Ukraine At least 10,000 refugees now arrive in Berlin every day – HS visited a train station with a lot of crying

Trains arriving from Poland are becoming exhausted and crying people whose safety has been raised.


From Berlin has become the largest hub on the Ukrainian refugee route and the single largest destination for refugees outside Ukraine ‘s neighborhood.

During Tuesday, a record number of more than 15,000 people fleeing the war in Ukraine arrived in Berlin by public transport. Over the past week, some tens of thousands of people fleeing the war have arrived in Berlin every day. An estimated two-thirds of them will remain in Berlin.

According to the authorities, estimates of the number of newcomers are lower, as those fleeing the war also arrive in private cars. Six extended trains arrive in Berlin from Poland every day. Refugees do not have to pay for travel tickets.

Refugee there is no story that has a happy ending after a person is there and safe. In the crowded position, many from Ukraine are very tired and anxious. Crying is sensitive.

“Many of the newcomers are really traumatized. Some buses arriving in Berlin have bullet holes, ”spokesman for the integration department of the Berlin Senate Stefan Strauß said on Wednesday to HS at Berlin train station.

In addition, many of the newcomers have also been in danger after arriving. Observations have been made of human traffickers, and earlier this week Berlin police reported several cases in which refugee women had been offered money in exchange for going to bed.

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After standing there for a few minutes, I myself get a vague offer from an unknown man with an “I love you” opening.

The police patrols at the train station are now reinforced, and for children arriving without parents, a mobile child protection team is on duty at the train station.

Already at the train station, refugees receive food, drink, clothing, free sim cards, instructions and first aid if needed.

On Wednesday night, a heated “welcome tent” erected by the Berlin Senate was opened for reception to get relief points out of the station corridors into a more controlled, safer space.

On Wednesday, an aid tent for Ukrainian refugees was opened in Washington Square next to Berlin train station.

Volunteer helpers take care of the food distributed to those fleeing Ukraine.

There are shuttle buses from the tent to the reception centers. According to Strauß, since the start of the war, Berlin has housed about 8,000 people in public accommodation. Other people who stay in the city have accommodation, for example, in private families.

“Accommodation will be built from Tegel Airport only for those fleeing the war in Ukraine,” Strauß says. The airport, which closed for the second year, has recently served as a vaccination center.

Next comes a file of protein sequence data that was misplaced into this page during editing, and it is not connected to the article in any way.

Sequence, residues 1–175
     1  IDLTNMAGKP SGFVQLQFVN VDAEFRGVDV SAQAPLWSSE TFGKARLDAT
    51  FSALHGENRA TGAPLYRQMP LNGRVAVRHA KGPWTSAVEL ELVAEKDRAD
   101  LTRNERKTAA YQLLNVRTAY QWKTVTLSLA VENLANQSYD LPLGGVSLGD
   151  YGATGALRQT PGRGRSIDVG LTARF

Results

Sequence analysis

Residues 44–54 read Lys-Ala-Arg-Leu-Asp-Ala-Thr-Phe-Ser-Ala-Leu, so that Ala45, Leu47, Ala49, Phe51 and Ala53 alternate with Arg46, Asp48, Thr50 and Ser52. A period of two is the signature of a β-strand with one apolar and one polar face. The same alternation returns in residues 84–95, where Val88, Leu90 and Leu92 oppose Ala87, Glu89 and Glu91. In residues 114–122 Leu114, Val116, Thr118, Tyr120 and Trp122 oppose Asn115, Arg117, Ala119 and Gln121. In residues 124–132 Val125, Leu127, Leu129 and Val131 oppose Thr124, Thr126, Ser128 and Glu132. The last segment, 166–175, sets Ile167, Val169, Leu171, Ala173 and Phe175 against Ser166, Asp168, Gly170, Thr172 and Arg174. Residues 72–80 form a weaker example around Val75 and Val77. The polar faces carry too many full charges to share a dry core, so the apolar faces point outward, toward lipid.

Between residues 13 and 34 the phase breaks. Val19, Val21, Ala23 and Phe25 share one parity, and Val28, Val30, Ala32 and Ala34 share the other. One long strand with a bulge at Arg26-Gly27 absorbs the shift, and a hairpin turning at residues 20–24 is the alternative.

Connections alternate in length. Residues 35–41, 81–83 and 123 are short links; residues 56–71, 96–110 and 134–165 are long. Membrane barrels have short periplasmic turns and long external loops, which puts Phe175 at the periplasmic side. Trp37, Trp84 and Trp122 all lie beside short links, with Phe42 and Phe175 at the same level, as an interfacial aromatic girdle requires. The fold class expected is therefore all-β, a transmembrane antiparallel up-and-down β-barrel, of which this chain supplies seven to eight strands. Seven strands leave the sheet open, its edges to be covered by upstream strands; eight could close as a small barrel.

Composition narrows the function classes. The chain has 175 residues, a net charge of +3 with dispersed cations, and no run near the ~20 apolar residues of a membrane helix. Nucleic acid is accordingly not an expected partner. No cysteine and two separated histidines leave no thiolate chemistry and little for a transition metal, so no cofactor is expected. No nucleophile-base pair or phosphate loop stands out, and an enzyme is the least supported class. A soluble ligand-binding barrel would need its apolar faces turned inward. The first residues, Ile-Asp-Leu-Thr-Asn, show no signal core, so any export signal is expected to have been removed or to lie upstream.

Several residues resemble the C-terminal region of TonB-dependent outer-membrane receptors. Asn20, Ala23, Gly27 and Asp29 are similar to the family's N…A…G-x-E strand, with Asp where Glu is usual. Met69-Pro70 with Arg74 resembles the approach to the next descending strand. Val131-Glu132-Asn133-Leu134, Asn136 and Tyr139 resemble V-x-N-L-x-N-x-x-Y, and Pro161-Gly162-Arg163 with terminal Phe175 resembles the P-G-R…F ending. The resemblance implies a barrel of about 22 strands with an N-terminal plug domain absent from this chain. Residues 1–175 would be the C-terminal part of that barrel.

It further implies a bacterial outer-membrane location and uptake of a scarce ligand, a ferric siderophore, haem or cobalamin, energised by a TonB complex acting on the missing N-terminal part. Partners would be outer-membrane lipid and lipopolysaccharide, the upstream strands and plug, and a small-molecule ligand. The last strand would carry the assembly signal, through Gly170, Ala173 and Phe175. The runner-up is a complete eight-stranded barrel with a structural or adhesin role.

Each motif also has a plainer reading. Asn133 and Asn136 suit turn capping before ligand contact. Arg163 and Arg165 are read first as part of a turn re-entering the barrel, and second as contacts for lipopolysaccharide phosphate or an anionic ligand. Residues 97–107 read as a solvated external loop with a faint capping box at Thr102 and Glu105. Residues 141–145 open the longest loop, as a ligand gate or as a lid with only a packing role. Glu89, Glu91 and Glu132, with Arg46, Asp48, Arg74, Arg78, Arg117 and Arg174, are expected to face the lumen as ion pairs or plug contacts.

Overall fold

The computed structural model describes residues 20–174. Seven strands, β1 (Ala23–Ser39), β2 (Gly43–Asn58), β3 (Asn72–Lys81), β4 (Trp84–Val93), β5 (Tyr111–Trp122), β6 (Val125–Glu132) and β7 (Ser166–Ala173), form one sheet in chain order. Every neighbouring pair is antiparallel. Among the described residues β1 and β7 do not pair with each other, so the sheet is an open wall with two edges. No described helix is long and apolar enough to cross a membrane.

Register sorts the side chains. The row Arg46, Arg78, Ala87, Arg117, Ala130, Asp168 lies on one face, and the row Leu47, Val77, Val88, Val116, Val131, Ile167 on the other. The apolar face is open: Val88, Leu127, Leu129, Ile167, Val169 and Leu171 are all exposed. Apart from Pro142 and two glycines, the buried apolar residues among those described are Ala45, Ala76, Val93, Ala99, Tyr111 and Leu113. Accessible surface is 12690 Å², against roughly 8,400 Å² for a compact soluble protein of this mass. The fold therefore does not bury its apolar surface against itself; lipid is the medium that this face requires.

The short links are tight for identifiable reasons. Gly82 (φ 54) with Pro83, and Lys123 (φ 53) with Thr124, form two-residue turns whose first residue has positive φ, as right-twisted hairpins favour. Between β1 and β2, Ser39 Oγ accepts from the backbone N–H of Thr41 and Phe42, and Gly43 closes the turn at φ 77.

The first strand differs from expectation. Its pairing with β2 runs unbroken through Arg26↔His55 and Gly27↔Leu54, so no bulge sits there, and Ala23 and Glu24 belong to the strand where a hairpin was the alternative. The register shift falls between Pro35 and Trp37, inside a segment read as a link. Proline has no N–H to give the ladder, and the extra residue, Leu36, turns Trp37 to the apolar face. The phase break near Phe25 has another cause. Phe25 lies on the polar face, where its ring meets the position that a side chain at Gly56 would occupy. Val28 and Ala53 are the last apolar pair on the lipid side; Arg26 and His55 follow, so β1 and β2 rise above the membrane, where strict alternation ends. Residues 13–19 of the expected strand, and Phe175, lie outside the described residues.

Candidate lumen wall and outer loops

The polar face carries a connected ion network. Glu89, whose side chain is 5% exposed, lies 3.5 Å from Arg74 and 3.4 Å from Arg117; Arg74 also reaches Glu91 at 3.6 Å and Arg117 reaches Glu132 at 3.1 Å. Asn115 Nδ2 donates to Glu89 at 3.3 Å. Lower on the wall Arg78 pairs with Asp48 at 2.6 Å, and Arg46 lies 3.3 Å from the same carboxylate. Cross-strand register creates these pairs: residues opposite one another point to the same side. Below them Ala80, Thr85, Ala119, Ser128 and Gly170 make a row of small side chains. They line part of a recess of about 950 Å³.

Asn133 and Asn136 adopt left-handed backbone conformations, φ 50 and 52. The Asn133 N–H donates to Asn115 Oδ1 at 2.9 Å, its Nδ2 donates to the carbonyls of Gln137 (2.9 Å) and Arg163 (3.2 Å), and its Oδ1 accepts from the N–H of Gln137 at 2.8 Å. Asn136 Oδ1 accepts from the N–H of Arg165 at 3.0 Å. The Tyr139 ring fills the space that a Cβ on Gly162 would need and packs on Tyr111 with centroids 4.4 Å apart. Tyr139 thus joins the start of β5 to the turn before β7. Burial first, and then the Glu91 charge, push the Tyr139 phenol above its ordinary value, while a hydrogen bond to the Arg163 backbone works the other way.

By the weekend, Tegel should be ready to accommodate three thousand Ukrainians.

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Numerous other new large accommodation centers are also planned. They require a lot of manpower and rapid construction of infrastructure. Berlin is asking the military for help with practical work.

Mayor of Berlin Franziska Giffey said on Wednesday night after a special session of the Senate that buses on their way to Berlin will also be diverted to other parts of Germany.

However, many want to stay specifically in Berlin. The city already has a large Ukrainian community.

Berlin at the main train station Emma Schmidt is one of hundreds of volunteer helpers facing refugees. There are several organizations at the station, but Schmidt is helping himself and sometimes with his friends.

She is Russian and has a Ukrainian boyfriend. The boyfriend is in constant contact with his grandmother in Kiev, who is crying on the phone.

“Grandma cries all the time. I am here to help people deal with stress, ”says Schmidt.

Emma Schmidt helps those arriving from Ukraine to Berlin at the main train station usually until one at night.

Schmidt helps people from Ukraine find out the connections and works as an interpreter. Thanks to the yellow attention vest, people know how to come and ask him for help. The days have stretched up to fifteen hours.

“Normally I’m here until one night. Trains are always late, usually several hours. ”

People who get off the train at night, according to Schmidt, are tired and windy, and have a lot of questions. The children are crying.

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“It’s pretty stressful for us too. You have to stay tight, calm down when you need to, and focus on finding people housing. ”

As a Russian to Ukrainians, Schmidt is above all a man who helps. Everyone has been grateful for the help.

“Being here shows my opposition Vladimir Putin policy, ”he says.

“It’s an amazing feeling when you can be helpful.”

Schmidt also calls his grandmother, who in turn is in Russia. Grandma watches TV all day and believes what is being said there.

“I’m trying to explain to him that’s not true. But he says Putin is our friend. ”

At Berlin train station, refugee relief has been going on for more than a week.

Read more: When the Russian invasion began two weeks ago, we traveled more than 2,000 kilometers in Ukraine – and it began to look like Putin’s hawk was too big to burn.

Read more: HS visited a military station near Vyborg, where mourning messages from Ukraine are now raining: “They thought they were going to the exercises”

Read more: Hundreds of thousands are trapped in Mariupol, says Red Cross spokesman: “Serious concern for water and food”

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